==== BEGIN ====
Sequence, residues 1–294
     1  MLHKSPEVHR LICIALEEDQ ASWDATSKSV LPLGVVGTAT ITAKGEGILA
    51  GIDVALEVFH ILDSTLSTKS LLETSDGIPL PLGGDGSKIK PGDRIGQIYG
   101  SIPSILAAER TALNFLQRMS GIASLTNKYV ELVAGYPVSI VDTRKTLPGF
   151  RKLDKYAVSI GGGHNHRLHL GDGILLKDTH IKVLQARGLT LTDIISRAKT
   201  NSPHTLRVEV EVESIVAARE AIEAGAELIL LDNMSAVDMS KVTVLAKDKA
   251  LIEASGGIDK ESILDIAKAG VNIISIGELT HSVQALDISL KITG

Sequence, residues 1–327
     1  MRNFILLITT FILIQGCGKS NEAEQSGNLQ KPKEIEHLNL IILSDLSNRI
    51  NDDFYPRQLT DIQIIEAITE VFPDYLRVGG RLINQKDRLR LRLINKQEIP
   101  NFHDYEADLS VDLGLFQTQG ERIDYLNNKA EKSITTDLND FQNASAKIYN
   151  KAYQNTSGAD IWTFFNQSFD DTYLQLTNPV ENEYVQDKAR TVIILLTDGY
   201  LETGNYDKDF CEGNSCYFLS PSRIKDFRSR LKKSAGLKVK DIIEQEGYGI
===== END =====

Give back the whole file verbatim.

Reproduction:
Sequence, residues 1–294
     1  MLHKSPEVHR LICIALEEDQ ASWDATSKSV LPLGVVGTAT ITAKGEGILA
    51  GIDVALEVFH ILDSTLSTKS LLETSDGIPL PLGGDGSKIK PGDRIGQIYG
   101  SIPSILAAER TALNFLQRMS GIASLTNKYV ELVAGYPVSI VDTRKTLPGF
   151  RKLDKYAVSI GGGHNHRLHL GDGILLKDTH IKVLQARGLT LTDIISRAKT
   201  NSPHTLRVEV EVESIVAARE AIEAGAELIL LDNMSAVDMS KVTVLAKDKA
   251  LIEASGGIDK ESILDIAKAG VNIISIGELT HSVQALDISL KITG

Sequence, residues 1–327
     1  MRNFILLITT FILIQGCGKS NEAEQSGNLQ KPKEIEHLNL IILSDLSNRI
    51  NDDFYPRQLT DIQIIEAITE VFPDYLRVGG RLINQKDRLR LRLINKQEIP
   101  NFHDYEADLS VDLGLFQTQG ERIDYLNNKA EKSITTDLND FQNASAKIYN
   151  KAYQNTSGAD IWTFFNQSFD DTYLQLTNPV ENEYVQDKAR TVIILLTDGY
   201  LETGNYDKDF CEGNSCYFLS PSRIKDFRSR LKKSAGLKVK DIIEQEGYGI